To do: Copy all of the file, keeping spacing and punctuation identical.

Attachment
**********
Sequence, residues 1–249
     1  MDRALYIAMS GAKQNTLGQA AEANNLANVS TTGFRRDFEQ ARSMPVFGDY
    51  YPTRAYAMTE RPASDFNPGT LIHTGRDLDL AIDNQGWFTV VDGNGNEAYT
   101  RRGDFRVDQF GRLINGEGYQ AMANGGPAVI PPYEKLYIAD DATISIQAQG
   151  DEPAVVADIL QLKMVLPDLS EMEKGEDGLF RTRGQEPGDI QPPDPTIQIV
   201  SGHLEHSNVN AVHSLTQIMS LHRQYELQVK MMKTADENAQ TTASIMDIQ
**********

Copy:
Sequence, residues 1–249
     1  MDRALYIAMS GAKQNTLGQA AEANNLANVS TTGFRRDFEQ ARSMPVFGDY
    51  YPTRAYAMTE RPASDFNPGT LIHTGRDLDL AIDNQGWFTV VDGNGNEAYT
   101  RRGDFRVDQF GRLINGEGYQ AMANGGPAVI PPYEKLYIAD DATISIQAQG
   151  DEPAVVADIL QLKMVLPDLS EMEKGEDGLF RTRGQEPGDI QPPDPTIQIV
   201  SGHLEHSNVN AVHSLTQIMS LHRQYELQVK MMKTADENAQ TTASIMDIQ